Mount Washington and the surrounding peaks can be tricky. Already, two other people died in the area within a week of Clark’s rescue. The mountain is known for having some of the worst weather on the planet. Rescuers said Clark wasn’t dressed for the potential weather extremes seen on the peak, which can be summery and warm at the base and full-on winter conditions on the summit, often with little warning.

That alleged lack of preparation is what might end up being the reason Clark gets socked with the tab.

I’ve got mixed feeling about this. Part of me thinks people should be held accountable for the bad decisions they make. Plenty of information exists, available at your fingertips, that can guide your preparations for the outdoors. Choosing not to be informed is just that: a choice. And in most areas of life, bad choices have consequences. Maybe some of those consequences should hit folks in the wallet. Perhaps a financial incentive would make people more self-reliant, more prepared, and safer.

But my thinking gets turned around when human nature comes into play. It goes something like this:

A hiker gets lost. Or injured. Or something else happens that makes that person think, “I’m in some trouble here.” But before activating that beacon or pulling out the phone for a 911 call, the hiker pauses.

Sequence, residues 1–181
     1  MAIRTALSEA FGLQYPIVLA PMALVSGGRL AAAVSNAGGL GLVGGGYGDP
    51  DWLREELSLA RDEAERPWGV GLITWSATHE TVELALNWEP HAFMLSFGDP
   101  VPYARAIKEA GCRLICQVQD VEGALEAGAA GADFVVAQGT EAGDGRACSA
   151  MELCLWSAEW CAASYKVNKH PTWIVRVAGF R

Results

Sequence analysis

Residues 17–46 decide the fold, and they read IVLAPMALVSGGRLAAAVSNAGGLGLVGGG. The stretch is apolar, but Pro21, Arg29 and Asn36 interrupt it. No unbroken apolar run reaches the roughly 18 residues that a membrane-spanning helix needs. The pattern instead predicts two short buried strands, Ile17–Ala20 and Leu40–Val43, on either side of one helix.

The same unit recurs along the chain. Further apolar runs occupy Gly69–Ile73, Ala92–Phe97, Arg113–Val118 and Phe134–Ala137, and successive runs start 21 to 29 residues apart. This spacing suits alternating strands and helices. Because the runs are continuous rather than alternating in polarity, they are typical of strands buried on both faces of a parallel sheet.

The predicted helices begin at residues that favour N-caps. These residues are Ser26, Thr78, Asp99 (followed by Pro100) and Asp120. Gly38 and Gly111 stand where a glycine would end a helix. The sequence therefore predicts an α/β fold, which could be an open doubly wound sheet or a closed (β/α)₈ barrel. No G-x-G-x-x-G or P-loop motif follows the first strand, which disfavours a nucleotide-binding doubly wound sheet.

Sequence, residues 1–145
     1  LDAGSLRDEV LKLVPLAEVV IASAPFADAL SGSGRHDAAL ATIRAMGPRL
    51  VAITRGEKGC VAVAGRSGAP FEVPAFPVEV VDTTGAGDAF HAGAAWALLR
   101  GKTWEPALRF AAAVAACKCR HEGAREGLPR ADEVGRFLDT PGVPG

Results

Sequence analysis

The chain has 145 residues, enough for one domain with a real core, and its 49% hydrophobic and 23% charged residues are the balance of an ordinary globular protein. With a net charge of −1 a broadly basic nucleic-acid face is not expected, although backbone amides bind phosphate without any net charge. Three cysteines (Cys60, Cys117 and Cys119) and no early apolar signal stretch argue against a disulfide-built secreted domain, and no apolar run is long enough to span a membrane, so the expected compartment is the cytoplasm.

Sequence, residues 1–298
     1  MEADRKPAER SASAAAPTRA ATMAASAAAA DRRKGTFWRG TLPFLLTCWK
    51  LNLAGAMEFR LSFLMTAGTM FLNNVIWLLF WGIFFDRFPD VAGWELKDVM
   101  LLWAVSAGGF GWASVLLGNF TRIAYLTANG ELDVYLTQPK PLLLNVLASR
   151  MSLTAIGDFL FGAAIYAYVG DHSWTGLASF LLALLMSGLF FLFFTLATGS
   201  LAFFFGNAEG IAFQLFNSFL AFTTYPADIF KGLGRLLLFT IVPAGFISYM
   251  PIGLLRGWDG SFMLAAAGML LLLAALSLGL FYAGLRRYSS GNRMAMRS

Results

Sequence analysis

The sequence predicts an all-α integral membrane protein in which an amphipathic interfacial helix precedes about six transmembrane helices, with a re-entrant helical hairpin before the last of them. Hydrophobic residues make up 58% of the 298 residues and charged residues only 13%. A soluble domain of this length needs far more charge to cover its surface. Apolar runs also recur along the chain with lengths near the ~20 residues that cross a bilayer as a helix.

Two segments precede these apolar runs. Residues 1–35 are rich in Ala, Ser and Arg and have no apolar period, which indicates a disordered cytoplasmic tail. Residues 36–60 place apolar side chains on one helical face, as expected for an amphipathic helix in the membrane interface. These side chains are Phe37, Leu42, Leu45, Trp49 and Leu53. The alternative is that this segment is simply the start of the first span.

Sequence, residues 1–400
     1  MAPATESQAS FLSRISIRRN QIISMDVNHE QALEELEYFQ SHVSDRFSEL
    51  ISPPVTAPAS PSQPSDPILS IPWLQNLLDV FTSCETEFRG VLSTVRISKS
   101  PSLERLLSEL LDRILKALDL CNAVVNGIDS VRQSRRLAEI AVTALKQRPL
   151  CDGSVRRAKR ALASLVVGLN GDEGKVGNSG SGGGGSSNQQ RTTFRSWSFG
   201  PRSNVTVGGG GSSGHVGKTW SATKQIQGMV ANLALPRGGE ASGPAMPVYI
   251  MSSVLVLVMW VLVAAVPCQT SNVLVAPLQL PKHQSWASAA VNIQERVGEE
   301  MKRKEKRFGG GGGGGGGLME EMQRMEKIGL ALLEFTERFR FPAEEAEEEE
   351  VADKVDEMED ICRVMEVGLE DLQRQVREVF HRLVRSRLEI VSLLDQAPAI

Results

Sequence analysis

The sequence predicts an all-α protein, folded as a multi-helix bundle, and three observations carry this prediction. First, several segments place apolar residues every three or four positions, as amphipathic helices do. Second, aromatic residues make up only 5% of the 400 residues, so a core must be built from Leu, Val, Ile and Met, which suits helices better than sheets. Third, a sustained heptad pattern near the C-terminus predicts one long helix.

This is gonna cost me. A lot. Maybe I can tough it out.

And then the hiker gets deeper in trouble, maybe irrecoverably.

That’s the fear I’ve heard expressed on forums by people who are part of the search and rescue community. They worry that folks will choose saving money over their own lives when they get in trouble, and that leads to more search and recovery missions instead of search and rescue. Crews will still take risks in recovery missions; they differ in that the ending of a recovery mission is always a mournful one.

As I’ve thought about this, the prospect of saving lives outweighs the irritation I feel about people being dumb. Don’t get me wrong, I don’t want people pushing the button on their SPOT device because their feet are tired. I want people to be responsible. But I don’t want people dying in the bush because they were afraid of a five-figure bill coming in the mail.

Will New Hampshire authorities charge Mr. Clark for his rescue? It sounds like they might. But should they? I’d hate to think they’ll be pulling more bodies off Mount Washington because financial considerations won out when a call for help should have been made.

Bob Doucette

8 thoughts on “An Ohio man needed rescue on Mount Washington, and he may get billed for it. But should he?

  1. Yeah, this is an interesting take. The statistics woould e interesting here, to see under what circumstances people call for help. Last year I witnessed a rescue on Monadnock. Guy twisted his knee, unable to walk. But relatively cheap, I suspect. No helicopter needed and got him down under man power.